Despite some of the challenges of an aspirational economy, there is a genuine interest and desire within Indonesians to contribute to making the country a better place to live, work and to enjoy life.  For that matter, there are multitudes of goods and services that have been developed with the purpose of promoting Indonesia and all things Indonesian …  Whether the service is travel related with a primarily domestic target market or a product developed to raise awareness of a social issue or success story, the fabric of Indonesia is such that there is unrelenting desire to make a difference and if leveraging technology helps … so be it.   Entrepreneurs who support efforts that make a difference are successful the world over even if on a relatively small scale.   In other words, “pay it forward”.

The Numbers Don’t Lie

There is a saying “the numbers don’t lie” and that might be true in mathematical equations but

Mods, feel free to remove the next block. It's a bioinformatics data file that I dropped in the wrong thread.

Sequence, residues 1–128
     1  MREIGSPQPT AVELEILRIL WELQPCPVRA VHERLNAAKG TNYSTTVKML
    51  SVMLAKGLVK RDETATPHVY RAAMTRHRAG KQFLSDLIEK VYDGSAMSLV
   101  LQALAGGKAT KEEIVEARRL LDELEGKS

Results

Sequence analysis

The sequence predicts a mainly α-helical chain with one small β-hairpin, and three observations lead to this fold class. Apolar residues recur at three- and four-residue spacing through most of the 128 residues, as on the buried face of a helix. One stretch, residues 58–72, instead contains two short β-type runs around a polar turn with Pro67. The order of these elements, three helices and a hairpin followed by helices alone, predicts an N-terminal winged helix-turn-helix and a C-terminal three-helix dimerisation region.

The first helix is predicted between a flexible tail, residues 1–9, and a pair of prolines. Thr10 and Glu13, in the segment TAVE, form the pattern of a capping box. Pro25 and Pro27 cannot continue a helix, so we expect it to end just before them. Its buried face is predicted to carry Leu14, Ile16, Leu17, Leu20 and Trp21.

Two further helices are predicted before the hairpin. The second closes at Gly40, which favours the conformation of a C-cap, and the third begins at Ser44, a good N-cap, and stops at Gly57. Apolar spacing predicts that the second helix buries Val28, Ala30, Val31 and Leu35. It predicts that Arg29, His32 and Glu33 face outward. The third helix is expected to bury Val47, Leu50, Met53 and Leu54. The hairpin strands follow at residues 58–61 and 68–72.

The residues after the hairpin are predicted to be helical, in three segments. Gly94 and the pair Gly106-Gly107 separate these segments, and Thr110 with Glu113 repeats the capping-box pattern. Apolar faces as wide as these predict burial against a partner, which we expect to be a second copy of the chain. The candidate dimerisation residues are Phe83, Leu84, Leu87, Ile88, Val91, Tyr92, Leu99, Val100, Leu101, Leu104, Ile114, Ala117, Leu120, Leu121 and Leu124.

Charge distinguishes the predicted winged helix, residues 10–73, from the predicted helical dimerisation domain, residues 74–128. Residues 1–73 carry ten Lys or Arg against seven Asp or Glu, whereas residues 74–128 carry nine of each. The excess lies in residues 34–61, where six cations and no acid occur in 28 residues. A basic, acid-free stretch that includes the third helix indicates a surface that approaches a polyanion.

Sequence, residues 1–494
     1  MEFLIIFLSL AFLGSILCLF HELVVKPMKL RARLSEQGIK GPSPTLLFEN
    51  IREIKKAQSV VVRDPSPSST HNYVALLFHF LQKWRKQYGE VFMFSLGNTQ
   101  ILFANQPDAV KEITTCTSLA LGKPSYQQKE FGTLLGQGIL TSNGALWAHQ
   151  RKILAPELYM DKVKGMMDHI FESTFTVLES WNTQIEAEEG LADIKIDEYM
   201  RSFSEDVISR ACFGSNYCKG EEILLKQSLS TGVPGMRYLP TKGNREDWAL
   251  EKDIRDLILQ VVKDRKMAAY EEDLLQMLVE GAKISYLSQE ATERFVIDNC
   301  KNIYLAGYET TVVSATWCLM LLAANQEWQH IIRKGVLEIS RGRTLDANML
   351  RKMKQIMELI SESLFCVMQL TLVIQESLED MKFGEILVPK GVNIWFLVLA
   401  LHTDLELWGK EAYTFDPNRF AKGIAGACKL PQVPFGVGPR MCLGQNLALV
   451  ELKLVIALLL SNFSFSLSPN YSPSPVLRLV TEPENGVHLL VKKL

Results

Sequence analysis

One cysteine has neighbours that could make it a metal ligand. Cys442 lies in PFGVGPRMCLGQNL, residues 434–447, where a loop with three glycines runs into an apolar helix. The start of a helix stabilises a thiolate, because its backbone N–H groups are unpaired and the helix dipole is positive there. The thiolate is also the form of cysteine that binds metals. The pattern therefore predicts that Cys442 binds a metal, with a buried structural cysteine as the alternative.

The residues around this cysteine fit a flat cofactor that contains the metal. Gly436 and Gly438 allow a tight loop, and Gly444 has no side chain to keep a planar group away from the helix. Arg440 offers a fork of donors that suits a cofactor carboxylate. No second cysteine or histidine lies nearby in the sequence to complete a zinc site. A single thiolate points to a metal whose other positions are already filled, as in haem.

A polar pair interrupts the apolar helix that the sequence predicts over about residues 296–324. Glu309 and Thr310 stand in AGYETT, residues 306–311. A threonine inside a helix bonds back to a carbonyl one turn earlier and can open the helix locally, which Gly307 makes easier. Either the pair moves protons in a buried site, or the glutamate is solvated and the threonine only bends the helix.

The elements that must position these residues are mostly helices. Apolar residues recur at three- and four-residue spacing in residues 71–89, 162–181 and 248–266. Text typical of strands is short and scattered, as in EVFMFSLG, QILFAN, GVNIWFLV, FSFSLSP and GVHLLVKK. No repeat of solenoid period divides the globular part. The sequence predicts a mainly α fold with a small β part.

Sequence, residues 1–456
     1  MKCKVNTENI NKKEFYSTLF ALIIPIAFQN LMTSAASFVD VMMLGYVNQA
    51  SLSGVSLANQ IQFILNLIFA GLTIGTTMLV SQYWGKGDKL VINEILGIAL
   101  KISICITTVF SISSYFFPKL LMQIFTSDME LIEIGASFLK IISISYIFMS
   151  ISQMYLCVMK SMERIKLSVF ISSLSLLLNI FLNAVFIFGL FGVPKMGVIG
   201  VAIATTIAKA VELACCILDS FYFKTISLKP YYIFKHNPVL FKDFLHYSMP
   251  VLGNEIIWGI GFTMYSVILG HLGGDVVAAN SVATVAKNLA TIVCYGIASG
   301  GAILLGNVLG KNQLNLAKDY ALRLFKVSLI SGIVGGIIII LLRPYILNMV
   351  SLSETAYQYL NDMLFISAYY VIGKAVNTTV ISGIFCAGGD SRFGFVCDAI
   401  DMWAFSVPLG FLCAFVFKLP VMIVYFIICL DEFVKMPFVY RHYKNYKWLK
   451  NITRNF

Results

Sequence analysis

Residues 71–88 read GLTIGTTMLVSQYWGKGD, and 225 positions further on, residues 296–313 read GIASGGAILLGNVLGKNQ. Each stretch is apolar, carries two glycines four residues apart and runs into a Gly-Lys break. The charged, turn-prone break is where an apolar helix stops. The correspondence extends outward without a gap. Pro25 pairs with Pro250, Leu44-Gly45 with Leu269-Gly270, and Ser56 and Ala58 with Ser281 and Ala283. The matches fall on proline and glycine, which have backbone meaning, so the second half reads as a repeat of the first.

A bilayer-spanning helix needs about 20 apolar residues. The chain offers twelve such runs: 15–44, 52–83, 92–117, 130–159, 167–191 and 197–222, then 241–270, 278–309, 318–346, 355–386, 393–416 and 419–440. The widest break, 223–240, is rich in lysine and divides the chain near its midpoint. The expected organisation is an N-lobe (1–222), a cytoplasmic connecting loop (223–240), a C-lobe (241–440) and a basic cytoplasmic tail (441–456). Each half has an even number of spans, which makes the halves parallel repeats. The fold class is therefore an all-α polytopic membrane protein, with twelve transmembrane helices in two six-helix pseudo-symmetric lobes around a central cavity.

if those interested in understanding more of the opportunity that is Indonesia (and aspirational markets) rely solely on the numbers … they will miss the much bigger picture.  

The picture continues to be created through so many connections of entrepreneurs who are contributing to the building of a flourishing and dynamic market.

With so many Western market economies facing mounting debt, low employment levels and uncertainty about the future, aspirational markets are prime and ready to accept our goods and services while at the same time representing incredible trade options important to contributing to a growing economy in the West.